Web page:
Author Rheam selected as one of Africa's best

BULAWAYO – Bulawayo-based author Bryony Rheam has been included among five new Morland Writing Scholars for 2017.

Rheam was selected from a shortlist of 21 writers gleaned 550 writers from all over Africa in the annual competition that awards scholarships to writers on the continent so that they can complete a particular piece of writing.

For being selected among the five, Rheam will be given £18 000 which will be paid over a year to enable her to write the book she proposed.

Rheam’s proposed book is a historical crime fiction featuring a psychiatric hospital in Bulawayo in which she will explore the treatment of those suffering mental health issues, the complex dynamics of power, colonial society and migration.

“I am incredibly happy to receive this news. To be picked from around 550 applicants is a great honour,” Rheam told the Daily News.

Rheam's debut novel This September Sun, published by amaBooks, won 'Best First Book' at the Zimbabwe Book Publishers Awards and was chosen as a set text for 'A' level Literature in English for Zimbabwean schools.

This September Sun was subsequently published in Kenya and in the United Kingdom where it topped the Amazon UK sales charts as an e-book.

Rheam has also published many short stories in several publications which include most recently Moving On and Other Zimbabwean Stories. Rheam, the winner of the international 'Write your own Christie' writing competition, will publish her second novel titled All Come to Dust with Bulawayo-based amaBooks next year. The book is a murder mystery set in Zimbabwe’s second largest city.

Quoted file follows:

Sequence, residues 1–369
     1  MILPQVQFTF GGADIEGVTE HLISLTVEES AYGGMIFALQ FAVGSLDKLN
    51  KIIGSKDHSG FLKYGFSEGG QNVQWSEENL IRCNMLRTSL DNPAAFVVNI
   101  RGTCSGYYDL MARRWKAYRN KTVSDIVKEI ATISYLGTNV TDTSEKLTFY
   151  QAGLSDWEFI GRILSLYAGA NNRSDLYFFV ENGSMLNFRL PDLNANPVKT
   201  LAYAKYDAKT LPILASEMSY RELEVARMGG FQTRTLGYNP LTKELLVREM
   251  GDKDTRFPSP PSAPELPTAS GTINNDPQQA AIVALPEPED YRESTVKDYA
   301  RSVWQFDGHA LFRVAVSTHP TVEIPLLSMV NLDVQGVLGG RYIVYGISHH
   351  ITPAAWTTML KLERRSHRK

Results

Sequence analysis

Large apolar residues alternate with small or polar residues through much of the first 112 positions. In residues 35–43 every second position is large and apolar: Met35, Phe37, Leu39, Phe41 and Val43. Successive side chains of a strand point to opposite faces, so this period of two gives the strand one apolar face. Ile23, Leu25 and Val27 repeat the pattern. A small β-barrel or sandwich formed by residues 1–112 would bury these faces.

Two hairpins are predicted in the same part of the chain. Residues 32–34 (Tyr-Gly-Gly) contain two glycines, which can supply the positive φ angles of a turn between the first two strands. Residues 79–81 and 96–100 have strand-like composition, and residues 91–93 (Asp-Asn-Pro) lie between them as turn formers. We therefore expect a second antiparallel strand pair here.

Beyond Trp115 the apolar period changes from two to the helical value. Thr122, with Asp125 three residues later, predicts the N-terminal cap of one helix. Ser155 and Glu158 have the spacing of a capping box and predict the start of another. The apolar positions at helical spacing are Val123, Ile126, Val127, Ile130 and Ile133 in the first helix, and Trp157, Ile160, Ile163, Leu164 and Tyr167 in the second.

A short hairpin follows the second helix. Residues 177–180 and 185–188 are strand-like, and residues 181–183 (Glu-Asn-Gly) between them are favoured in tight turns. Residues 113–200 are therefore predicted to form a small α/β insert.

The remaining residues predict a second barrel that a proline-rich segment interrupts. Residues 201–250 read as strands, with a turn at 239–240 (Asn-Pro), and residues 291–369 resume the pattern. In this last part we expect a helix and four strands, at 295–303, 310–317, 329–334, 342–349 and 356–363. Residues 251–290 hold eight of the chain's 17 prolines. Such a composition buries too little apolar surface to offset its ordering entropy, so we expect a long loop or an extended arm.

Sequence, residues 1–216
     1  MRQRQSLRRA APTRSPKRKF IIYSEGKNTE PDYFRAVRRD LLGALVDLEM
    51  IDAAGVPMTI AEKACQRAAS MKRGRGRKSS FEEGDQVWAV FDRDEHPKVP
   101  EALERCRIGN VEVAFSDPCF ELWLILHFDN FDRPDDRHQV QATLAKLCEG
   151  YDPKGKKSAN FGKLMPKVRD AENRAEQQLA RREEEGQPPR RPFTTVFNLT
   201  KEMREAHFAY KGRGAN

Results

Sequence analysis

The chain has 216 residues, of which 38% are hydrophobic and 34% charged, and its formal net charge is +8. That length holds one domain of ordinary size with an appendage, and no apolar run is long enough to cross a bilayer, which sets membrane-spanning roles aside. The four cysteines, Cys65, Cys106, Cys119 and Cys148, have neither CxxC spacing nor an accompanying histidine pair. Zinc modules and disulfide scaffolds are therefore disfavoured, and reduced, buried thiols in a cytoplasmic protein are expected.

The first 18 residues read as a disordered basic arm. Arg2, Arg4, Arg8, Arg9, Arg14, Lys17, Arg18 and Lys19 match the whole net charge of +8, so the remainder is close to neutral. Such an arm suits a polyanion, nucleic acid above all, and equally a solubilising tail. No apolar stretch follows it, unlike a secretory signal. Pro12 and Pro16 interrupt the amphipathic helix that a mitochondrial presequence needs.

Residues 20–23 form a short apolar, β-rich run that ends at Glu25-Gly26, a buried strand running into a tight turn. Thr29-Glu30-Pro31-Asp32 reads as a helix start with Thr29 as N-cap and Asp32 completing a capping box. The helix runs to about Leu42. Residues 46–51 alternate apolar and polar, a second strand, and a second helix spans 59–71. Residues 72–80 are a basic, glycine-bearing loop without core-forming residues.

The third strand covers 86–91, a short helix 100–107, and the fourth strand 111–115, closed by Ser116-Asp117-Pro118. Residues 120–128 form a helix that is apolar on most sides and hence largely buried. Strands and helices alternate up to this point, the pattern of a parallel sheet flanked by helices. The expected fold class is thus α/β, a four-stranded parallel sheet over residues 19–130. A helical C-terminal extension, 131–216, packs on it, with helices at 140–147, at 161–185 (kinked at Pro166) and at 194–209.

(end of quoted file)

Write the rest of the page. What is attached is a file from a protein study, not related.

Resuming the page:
The four writers selected alongside Rheam include Eritrea’s Alemseged Tesfai, South Africa's Fatima Kola, Nigeria’s Elnathan John and Eloghosa Osunde.

Morland Writing Scholars are selected by the Miles Morland Foundation with the aim to supporting and promoting those involved African writing and literature.

Each successful scholar is supposed to submit 10 000 words each month throughout their scholarship period. Previous writers selected for the Morland Scholarships include Zimbabwean writer Percy Zvomuya for his planned biography of Robert Mugabe.

The judges for Morland Writing Scholars for 2017 were Zimbabwean Ellah Wakatama Allfrey (chairperson), Olufemi Terry and Muthoni Garland.

In their citation the judges said:

"In this fifth year of the Morland Writing Scholarships it was hugely gratifying to see such an upswing in the number of submissions.

“We considered a 21 person shortlist with applicants from nine African countries. We were delighted by the range in choice of subject and approach and deeply impressed by the writing skill and ambition this shortlist represented.”

The judges added:

“We focused on the potential each application promised. Faced with excellence on all fronts, we found ourselves focused on several key questions. Is this a book that will achieve publication and find readers across the continent and beyond?

“Does the subject matter feel urgent and necessary? Has the author found the best form for the telling of this story? Does the submission show innovation and ambition?

“This is an exhilarating list that bears witness to a wide range of thematic concerns and one that illustrates the ambition and promise of several generations of writers. We wish the scholars a busy and productive year."